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What You Should Know About W.E.B. Du Bois

Betsy DeVos found herself in the middle of a pretty cringeworthy controversy on Sunday. The highly controversial secretary of education has been dealing with serious backlash since her appointment and this latest misstep definitely isn't helping her win any brownie points with the American public. The United States Department of Education's Twitter account sent out a tweet containing a quote from the iconic civil rights activist W.E.B Du Bois. At first glance, it appeared to be a simple message about the importance of education. The problem, though, is that whoever it was that sent out the tweet seems to have misspelled Du Bois' name.

The spelling error, obviously, did not go unnoticed by the the general Twitter public. The internet was quick to tear into the tweet, retweeting it with memes, jokes, and general disbelief that the spelling error had been made in the first place. While DeVos most likely did not send the tweet herself, it's still an embarrassing mistake for the Department of Education to make in a time of such intense scrutiny, and it's undeniably ironic that the department made a simple spelling error in a tweet that was supposed to be highlighting the importance of a good, well rounded education. W.E.B Du Bois is a prolific American civil rights activist, as well, making the whole slip up even worse for DeVos and company.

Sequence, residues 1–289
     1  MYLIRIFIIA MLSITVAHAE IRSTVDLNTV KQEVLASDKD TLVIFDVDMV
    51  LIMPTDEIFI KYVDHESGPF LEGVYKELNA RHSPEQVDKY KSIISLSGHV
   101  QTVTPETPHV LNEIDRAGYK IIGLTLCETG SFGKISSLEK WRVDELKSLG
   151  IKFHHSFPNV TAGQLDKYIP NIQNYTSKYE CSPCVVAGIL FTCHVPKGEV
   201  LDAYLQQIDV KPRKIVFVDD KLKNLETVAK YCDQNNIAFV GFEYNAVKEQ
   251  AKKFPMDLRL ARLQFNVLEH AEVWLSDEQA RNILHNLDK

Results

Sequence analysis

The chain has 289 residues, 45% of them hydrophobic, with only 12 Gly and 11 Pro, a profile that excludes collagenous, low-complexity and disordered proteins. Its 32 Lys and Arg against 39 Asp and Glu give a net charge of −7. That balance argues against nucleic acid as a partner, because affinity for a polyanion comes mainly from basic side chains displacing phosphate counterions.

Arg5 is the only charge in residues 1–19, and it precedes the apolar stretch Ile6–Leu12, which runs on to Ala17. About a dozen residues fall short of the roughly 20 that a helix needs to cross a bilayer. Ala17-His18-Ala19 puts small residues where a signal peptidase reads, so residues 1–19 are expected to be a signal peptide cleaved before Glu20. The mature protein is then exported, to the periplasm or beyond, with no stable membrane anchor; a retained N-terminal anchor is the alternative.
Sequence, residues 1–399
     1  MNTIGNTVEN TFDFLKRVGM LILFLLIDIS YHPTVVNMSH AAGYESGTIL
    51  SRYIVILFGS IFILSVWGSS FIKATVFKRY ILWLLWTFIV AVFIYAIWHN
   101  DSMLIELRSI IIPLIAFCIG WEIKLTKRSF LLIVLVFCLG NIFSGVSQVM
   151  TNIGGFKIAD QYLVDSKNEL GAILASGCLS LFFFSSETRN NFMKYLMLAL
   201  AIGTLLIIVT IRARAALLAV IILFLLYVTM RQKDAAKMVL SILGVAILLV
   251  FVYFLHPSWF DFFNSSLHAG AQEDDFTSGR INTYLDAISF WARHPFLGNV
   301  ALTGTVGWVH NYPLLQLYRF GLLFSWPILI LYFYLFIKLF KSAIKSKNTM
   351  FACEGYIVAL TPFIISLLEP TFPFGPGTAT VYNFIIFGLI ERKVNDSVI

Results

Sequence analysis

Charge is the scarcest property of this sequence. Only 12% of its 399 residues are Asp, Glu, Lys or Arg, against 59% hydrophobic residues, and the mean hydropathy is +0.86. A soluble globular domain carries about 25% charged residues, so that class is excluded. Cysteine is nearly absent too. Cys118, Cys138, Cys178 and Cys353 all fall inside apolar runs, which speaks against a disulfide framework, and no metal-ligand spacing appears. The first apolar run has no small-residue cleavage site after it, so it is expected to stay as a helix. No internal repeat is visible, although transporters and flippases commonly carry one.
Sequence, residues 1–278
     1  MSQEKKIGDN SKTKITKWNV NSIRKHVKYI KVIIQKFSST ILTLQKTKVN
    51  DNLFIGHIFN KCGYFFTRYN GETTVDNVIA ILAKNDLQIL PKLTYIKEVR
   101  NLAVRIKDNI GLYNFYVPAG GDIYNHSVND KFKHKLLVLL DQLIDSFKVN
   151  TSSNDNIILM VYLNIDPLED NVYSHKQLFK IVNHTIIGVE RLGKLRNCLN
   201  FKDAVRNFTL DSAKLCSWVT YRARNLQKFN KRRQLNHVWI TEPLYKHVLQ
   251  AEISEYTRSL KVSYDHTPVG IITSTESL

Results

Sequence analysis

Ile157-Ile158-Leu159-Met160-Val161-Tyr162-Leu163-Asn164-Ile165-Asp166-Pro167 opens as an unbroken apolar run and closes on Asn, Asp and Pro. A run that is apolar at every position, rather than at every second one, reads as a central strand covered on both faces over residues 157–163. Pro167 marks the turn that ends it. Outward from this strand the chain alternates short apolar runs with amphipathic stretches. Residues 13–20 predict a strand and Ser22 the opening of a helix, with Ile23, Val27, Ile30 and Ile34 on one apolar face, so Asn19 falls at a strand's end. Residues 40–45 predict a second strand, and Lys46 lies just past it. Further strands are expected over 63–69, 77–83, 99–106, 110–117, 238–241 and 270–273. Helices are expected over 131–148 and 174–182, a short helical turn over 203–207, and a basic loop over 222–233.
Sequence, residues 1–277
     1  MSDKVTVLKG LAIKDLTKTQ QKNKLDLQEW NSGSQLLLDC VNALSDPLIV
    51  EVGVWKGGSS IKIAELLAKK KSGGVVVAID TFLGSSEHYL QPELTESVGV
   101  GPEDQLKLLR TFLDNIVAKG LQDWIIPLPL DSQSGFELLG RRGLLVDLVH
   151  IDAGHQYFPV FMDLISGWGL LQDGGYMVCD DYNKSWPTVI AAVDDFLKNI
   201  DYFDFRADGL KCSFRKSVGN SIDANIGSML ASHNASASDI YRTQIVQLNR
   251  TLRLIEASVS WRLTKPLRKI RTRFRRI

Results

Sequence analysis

Du Bois was born in 1868 and grew up to be one of the pioneers of the civil rights movement in America. His resume is unsurprisingly long and impressive: Du Bois was the first African American to earn a doctorate at Harvard University, and after receiving his advanced degree, he went on to become a history, sociology, and economics professor at Atlanta University. He is perhaps most well known for being one of the co-founders of the National Association for the Advancement of Colored People (NAACP), which is still a critically important organization to this day.

Du Bois was known throughout his life for championing education for African Americans. He famously opposed the Atlanta compromise, which according to Britannica, was an agreement that stated black citizens in the southern United States would peacefully follow white political rule in exchange for basic, segregated educational opportunities. This wasn't enough for Du Bois. He believed, rightfully, that black Americans were entitled to the same unbridled opportunities as their white peers. Du Bois fought for this right throughout his life. He passed away in August 1963.

The U.S. Department of Education has since apologized for its spelling error. The apology also happened to contain another spelling error, however, which did not help officials smooth over the backlash.

It wasn't a great day for DeVos and her team, but something good might just come out of this: The tweet about Du Bois was shared over 2,000 times. Perhaps somebody who hasn't yet had the opportunity to learn about Du Bois and his legacy was introduced to him today.